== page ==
The Defining Moment

by Rev. Raymond K. Petrucci

Defining moments occur in the history of each individual, of every nation, and, once, of all mankind. The resurrection of Christ is the culmination of a series of defining moments in the story of humanity and its relationship with its Creator. The reality of sin destroyed the intended harmony between God and that most marvelous of his creative efforts: man and woman. The narration in Genesis of humanity's fall from grace speaks vividly of the flaws in human nature. When confronted by God and required to account for themselves, Adam immediately blames Even and, by inference, God: "It was the woman you put with me; she gave me the fruit and I ate it." Eve's response reflects the same flaw: "The serpent tempted me and I ate." The sin of disobedience, the lack of personal responsibility, and the human desire to covet what belongs to God results in this terrible separation of God from his people. The struggle between grace and sin is apparent throughout human history in both Biblical and extra-biblical literature. Reconciliation and salvation would take place in the life of Christ through a new and eternal covenant that Jesus would establish by his death and resurrection.

The events of Holy Week were laden with defining moments for the apostles and for all of the disciples of Jesus. Due to their import, those events reached the very core of faith and the meaning of human existence. The Church, as we know it, is the result of men and women who have been affected by the experience of walking with Christ. An experience that has not only touched their lives, but reformed them. The manifestation of God and man in the person of Jesus Christ by its very nature calls a person to a perception and a faith-decision unique in human history. One can only be awe-struck in contemplation of the impact on the followers of Jesus who witnessed the happenings of that Thursday through Sunday that changed the world. The occasions of the institution of the Eucharist, the suffering, death and resurrection of Christ carried the duel effect of fulfilling the life of Jesus and beginning a new life for his disciples.

Emblematic of the transformation demanded by the events of Holy Week is the figure of Peter. Scripture touchingly describes his love for Jesus, his boastful declaration of resoluteness and loyalty, his denial of Christ and his bitter sorrow over his cowardice. Peter had to be acutely aware of how well Jesus knew him; how his bravado stood upon "clay feet". Yet, as Jesus rose from the dead, Peter would rise from defeat and despair. One can only speculate what thoughts Peter entertained during this time. He had been weak. Jesus knew it and he knew it. But Jesus also chose him to be the "Rock" upon which the Church was to be built. Somewhere in the darkness of that night and in the darkness of his grief, Peter felt the healing, forgiving love of Christ. Thus, the courage and zeal that Peter would show in proclaiming Christ and sustaining a community of faith took root. He had come to know himself, to define himself.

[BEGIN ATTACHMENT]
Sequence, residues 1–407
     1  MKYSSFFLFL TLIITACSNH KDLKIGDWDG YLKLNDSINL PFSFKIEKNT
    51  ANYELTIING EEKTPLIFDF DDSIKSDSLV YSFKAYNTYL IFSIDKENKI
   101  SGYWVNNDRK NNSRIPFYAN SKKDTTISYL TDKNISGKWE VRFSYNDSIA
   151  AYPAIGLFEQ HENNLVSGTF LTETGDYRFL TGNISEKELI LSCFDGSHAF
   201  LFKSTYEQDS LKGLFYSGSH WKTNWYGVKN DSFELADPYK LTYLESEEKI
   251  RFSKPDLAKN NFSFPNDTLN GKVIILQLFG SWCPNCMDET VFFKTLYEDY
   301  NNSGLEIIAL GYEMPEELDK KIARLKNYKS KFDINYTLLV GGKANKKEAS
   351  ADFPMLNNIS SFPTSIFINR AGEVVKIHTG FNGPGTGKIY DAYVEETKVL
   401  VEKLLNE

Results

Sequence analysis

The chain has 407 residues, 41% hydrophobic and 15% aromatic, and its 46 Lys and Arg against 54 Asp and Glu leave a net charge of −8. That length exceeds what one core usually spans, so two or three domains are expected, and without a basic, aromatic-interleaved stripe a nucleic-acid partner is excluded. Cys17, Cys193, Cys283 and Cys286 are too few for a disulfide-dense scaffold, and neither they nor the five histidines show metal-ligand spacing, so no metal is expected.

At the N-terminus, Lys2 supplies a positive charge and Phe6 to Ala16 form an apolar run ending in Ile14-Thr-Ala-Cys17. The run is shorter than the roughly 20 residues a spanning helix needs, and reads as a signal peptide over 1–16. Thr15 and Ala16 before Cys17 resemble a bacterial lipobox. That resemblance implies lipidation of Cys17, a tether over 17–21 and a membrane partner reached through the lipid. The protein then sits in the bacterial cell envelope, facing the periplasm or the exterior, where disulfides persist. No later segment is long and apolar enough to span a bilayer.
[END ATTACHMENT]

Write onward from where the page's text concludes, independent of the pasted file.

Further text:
Perhaps for all of us there is a moment in the experience of living when the substance of our hopes, fears, regrets, virtues, vices and prayers converge and we, like Peter, must face the totality of our characters. Confronted and challenged by these truths, we reach the turning point of our lives. Are we Peter? Are we Judas? Do we find our end in our grave or before the empty grave of the Risen Lord? As Peter did, may we rest and act accompanied by the assuring presence of Christ.

"The Lord is loving unto us, slow to punish, but swift to pardon. Let no one then despair of his or her own salvation." St. Cyril of Jerusalem

May we be given all the grace and wisdom we need to serve God well and to live in celebration of that greatest of defining moments which we know as Easter.

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